9. CASE STUDY 1 • Ingrid has a business which employees sixty two people. Most of her employees are hardworking and perform well. • However there are three employees who have been with the company several years and Ingrid is not satisfied with their performance. • Previously Ingrid had been advised that she was required to provide at least three warnings to these employees about their performance and was required to give them ample opportunity to improve their performance. • Ingrid has not provided any formal warnings to these employees however she believes that if she did this she would not be able to terminate these employees for at least six months. • Under work choices Ingrid is able to terminate the employment of these people immediately without providing them with any such warnings. © BlandsLaw 2006

  10. CASE STUDY 2 • Avery Pty Ltd is a company that employees over 100 people. • It has an employee who has been with the company for 5 months at the time that the amendments to the legislation commence. • Avery believes that it can terminate the services of this employee and that they will be exempt from unfair dismissal laws. • However, as the employee was employed at the time of the commencement of the amendments he will still be able to bring a claim. © BlandsLaw 2006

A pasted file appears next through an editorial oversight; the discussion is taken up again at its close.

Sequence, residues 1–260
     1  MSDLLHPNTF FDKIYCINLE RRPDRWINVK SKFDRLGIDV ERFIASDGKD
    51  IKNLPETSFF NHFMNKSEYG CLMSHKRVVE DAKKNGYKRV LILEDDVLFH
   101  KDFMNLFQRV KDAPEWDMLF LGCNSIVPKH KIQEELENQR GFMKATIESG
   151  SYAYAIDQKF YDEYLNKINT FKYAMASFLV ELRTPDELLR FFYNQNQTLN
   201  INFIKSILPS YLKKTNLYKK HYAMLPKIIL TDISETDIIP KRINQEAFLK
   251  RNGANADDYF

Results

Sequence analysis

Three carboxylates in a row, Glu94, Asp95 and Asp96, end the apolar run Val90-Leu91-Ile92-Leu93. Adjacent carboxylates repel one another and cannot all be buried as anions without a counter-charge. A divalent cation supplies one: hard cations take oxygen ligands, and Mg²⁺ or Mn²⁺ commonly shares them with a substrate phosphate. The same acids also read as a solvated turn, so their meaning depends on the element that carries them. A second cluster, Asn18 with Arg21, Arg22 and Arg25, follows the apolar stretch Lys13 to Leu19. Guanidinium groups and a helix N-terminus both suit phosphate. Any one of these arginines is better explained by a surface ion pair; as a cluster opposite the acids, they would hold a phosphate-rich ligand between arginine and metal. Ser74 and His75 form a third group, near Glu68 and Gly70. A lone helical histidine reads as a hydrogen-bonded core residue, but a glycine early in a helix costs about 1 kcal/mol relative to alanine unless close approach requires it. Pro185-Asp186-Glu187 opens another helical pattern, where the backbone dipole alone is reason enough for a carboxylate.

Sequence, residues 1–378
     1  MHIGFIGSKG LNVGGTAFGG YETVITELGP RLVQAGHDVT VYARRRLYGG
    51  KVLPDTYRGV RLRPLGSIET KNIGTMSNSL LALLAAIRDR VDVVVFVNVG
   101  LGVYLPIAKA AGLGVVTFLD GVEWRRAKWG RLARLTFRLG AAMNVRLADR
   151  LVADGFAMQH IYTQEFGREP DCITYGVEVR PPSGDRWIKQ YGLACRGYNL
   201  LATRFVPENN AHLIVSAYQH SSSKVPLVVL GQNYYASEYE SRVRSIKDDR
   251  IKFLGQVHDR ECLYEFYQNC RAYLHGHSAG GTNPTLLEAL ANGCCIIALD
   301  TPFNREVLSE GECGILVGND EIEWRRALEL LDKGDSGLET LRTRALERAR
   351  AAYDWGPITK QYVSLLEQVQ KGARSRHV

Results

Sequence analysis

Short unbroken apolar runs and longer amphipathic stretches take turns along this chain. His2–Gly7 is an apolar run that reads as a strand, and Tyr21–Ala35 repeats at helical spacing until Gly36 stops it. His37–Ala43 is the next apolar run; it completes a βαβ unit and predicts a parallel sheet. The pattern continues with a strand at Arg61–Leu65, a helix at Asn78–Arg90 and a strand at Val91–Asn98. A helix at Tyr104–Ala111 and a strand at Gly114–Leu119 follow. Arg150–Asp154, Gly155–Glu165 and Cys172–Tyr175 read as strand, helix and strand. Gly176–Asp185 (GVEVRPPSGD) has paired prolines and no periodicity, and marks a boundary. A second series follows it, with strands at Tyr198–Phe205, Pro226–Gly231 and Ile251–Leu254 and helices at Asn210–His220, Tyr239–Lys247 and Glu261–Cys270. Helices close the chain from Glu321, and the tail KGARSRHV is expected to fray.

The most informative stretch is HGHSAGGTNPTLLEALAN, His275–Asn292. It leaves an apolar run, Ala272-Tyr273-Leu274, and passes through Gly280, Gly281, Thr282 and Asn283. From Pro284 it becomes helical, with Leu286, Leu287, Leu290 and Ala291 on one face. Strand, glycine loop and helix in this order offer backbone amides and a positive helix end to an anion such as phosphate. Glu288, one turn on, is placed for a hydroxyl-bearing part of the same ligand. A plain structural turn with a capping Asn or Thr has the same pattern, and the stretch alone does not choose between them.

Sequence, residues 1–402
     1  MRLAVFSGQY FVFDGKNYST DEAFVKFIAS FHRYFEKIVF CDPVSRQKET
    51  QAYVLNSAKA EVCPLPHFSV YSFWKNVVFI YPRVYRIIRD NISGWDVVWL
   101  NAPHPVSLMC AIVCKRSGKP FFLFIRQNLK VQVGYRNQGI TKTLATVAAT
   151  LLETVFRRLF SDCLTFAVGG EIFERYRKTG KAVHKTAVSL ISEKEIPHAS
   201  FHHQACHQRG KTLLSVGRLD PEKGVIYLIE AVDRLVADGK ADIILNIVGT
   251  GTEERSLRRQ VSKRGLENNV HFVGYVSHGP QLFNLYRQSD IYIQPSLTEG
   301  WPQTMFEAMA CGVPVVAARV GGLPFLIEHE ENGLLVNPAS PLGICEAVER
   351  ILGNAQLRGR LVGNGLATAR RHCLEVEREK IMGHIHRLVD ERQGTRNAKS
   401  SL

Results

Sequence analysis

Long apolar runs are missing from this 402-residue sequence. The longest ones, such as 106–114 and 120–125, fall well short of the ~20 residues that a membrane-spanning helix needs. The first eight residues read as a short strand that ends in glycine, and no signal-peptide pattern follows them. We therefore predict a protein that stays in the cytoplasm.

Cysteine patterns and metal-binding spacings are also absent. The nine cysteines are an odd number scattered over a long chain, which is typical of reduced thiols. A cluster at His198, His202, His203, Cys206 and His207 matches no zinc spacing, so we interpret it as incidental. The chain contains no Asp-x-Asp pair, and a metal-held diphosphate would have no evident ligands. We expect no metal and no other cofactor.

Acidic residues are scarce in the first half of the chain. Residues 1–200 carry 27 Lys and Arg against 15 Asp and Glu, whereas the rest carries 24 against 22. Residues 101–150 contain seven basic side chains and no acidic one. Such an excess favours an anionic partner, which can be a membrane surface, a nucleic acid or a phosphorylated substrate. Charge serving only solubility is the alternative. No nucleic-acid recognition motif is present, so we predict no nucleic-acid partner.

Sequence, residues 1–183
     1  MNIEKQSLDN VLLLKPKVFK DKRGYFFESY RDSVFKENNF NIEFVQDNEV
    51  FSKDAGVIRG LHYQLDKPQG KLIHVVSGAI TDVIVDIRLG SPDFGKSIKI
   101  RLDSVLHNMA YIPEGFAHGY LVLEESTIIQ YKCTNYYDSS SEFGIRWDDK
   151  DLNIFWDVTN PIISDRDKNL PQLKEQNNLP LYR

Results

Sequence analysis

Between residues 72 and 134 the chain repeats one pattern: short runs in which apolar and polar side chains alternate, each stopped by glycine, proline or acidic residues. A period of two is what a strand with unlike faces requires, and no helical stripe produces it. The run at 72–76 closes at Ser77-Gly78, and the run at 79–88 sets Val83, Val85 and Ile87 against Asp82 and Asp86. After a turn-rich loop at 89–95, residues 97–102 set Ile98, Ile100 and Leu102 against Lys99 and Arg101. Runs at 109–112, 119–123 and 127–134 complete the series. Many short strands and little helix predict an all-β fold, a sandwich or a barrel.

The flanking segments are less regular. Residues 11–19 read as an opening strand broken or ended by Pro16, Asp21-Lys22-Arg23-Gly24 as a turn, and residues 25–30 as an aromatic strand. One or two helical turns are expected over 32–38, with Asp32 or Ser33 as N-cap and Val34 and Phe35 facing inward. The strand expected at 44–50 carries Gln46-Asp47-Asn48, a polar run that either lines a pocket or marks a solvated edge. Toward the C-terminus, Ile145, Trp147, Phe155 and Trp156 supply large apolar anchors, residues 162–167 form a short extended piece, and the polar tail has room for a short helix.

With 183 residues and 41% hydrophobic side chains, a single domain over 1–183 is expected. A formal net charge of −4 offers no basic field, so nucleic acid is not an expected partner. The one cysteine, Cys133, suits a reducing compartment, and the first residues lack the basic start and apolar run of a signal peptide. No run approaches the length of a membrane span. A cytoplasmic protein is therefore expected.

11. CASE STUDY 3 • Beckett Pty Ltd has an employee(Jim) that is probably the best at their job of all of its employees. However Beckett believes Jim is a “trouble maker” as he called the Anti Discrimination board on previous occasions resulting from a dispute with an employee. Jim also caused “trouble” for the company by complaining about some bullying that has been going on with another employee. • The company is fed up and decides to terminate Jim and gives no reason for it. Jim complains that it is because of his whistle blowing activities. In the dispute an internal memo is found from the Managing Director which says “this guy is causing us grief at the discrimination tribunal. It cannot be allowed to continue. I want him gone.” •  Jim will be successful in bringing a unlawful termination claim against Beckett. © BlandsLaw 2006